Randolph Churchill, father to Winston, exerted a profound influence on his son in a number of ways which he perhaps would not have envisaged. First, their difficult personal relationship, characterised by Randolph’s high expectations and Winston’s initial failure to meet them, clearly left its mark. Second, Randolph’s political career can be summarised as one of unmet potential. This too, coupled with Randolph’s early death, influenced his son. Close to his own death, Winston was to confide to his daughter Mary that his one regret was that his father had not seen him make a success of his life.
Active in the Conservative Party from a young age, Randolph Churchill entered Parliament in 1874, shortly after his marriage. Within a few years he had a reputation as a trouble-maker – sharp tongued, and as critical of his own party as he was the Liberals. He was impatient with what he saw as the elitism and naivity of the Conservatives. Randolph was anxious for change, arguing that the party needed to represent the ordinary members of society or face permanent opposition. Liberal reforms should be considered on merit, rather than rejected out of hand. This series of ideas coalesced into what he termed ‘Tory Democracy’, and initially made him few friends. Arguably, his most important legacy was to shift the party’s centre of gravity in this direction.
In 1877, however, his career was almost derailed when Churchill was implicated in a scandal involving the Royal Family. He had fallen out with the Prince of Wales, the future Edward VII, whom he threatened to expose as an adulterer. In those times, such behaviour from a public figure was completely unacceptable. He was marginalised by Prime Minister William Gladstone, being sent to work as Viceroy in Dublin for the next four years.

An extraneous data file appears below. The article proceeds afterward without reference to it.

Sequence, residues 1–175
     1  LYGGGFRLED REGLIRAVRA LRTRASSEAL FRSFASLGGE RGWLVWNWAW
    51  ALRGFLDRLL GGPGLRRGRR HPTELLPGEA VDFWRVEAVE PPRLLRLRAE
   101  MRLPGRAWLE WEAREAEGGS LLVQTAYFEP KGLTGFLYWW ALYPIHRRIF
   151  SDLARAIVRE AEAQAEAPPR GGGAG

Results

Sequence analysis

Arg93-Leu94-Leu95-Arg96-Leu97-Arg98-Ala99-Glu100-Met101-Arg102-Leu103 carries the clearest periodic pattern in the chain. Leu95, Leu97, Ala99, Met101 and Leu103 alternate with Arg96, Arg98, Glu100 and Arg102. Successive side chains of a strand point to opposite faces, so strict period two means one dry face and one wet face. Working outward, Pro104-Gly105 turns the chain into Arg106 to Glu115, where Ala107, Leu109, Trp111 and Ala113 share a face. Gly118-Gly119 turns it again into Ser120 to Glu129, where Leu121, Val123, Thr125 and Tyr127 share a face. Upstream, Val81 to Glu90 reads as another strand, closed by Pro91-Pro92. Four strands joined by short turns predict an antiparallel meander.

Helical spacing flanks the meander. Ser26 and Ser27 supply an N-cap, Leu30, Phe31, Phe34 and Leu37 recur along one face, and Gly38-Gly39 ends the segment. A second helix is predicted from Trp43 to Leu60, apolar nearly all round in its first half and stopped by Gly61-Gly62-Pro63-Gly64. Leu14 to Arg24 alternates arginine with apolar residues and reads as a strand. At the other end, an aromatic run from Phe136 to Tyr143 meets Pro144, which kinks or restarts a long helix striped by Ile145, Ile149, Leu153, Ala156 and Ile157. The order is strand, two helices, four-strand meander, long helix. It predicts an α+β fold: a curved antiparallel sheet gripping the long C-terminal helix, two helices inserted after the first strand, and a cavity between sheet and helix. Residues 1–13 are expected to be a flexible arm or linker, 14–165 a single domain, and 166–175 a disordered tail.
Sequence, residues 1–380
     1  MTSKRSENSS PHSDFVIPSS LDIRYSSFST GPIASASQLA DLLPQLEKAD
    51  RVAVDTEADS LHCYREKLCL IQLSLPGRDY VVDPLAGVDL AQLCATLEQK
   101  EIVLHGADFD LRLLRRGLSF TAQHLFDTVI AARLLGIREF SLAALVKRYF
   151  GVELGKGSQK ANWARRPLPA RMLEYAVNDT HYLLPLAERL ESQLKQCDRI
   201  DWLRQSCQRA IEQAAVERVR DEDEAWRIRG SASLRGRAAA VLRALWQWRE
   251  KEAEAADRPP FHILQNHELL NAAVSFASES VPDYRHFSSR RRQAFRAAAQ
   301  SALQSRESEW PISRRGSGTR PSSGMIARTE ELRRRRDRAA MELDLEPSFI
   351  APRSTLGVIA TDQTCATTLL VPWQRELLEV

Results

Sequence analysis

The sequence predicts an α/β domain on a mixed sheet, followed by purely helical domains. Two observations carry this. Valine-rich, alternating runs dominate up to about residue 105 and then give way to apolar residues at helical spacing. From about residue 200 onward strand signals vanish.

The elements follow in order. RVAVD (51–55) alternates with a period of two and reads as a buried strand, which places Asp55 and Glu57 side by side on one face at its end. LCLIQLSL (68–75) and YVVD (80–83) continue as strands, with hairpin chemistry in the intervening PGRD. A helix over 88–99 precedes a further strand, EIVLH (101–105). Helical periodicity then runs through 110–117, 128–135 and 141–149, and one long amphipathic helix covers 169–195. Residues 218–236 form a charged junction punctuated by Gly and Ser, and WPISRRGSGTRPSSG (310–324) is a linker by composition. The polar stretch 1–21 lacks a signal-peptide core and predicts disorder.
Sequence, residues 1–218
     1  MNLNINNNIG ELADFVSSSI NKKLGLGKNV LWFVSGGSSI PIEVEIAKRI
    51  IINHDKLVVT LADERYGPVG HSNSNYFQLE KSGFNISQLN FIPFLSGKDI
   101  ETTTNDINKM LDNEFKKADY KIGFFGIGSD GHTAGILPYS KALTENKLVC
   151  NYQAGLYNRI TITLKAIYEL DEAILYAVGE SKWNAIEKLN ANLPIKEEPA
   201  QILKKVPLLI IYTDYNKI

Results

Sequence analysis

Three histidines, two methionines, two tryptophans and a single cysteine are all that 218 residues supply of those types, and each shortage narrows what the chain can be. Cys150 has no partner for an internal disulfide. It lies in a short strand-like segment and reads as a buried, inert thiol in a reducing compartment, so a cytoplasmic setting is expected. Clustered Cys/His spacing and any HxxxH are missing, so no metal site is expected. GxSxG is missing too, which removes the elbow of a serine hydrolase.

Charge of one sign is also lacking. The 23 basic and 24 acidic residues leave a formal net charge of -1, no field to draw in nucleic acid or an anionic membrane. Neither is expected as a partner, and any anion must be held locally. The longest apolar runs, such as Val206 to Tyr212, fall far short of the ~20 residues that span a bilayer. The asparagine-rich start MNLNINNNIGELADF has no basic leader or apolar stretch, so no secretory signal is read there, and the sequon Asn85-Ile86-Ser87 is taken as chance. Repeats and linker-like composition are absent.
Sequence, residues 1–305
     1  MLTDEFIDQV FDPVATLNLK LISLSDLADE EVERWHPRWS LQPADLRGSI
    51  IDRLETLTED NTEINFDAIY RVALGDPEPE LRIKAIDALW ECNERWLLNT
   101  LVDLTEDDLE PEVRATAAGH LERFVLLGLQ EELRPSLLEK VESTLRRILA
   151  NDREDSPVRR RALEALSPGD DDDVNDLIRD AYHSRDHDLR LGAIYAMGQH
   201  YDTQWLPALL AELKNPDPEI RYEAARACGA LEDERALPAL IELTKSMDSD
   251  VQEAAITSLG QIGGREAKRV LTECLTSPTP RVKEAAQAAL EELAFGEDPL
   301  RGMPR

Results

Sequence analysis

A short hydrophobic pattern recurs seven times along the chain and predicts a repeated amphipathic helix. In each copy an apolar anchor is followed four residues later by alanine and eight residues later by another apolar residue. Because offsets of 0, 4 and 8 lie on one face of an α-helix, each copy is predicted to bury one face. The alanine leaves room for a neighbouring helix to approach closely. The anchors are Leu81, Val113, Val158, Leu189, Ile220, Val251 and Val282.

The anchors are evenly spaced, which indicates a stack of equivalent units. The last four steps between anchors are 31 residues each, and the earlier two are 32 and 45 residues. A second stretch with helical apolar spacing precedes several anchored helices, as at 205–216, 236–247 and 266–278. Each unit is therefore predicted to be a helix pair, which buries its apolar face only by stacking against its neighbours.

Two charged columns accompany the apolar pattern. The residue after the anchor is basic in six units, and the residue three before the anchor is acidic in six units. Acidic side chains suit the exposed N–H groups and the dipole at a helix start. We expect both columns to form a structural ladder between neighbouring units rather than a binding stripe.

But by 1885 Churchill could no longer be ignored. He was brought into government as Secretary of State for India. Within a year he was promoted to Chancellor of the Exchequer and Leader of the House – more or less dictating his own political terms. It seemed nothing would stop Randolph Churchill; here was a prime minister in the making.
By 1887 however, it was all over. In December of 1886 he had over-played his hand during a budget row with the War Ministry. He resigned, perhaps being surprised when this was actually accepted. Moving to the backbenches, Randolph’s career quickly lost its lustre. He was now begining to show the symptoms of the illness which would kill him at the age of forty five. Sometimes incoherent, his speeches in the House became embarrassing.
Debate continues about Randolph’s illness. For many years it was accepted that he had syphilis; this now seems less likely, with modern weight of opinion favouring a brain tumour. Whatever the cause, Randolph Churchill was a talented man stricken down early. He died 24 January 1895. (Winston Churchill was also to die on 24 January, seventy years later, in 1965).
Although his academic achievements were modest, Randolph had been to Eton and to Oxford university. An attractive and self-confident young man, he married well, and controversially. Jennie Jerome was a noted American beauty from a wealthy background; but not aristocratic enough for some members of his family. He expected great things of his son, and would never know the extent to which his own achivements would be eclipsed by Winston.
The death of Randolph Churchill at 45 left a profound scar on Winston. Although Randolph had lived to see his son succeed at the Royal Military Academy at Sandhurst, the issues between them were unresolved. Winston concluded that the men died early in his family. From now on, he would throw everything he had at life. In this we see an early glimpse of his belief in ‘fate’ – that some things were simply meant to be.
See also article on Clementine Churchill.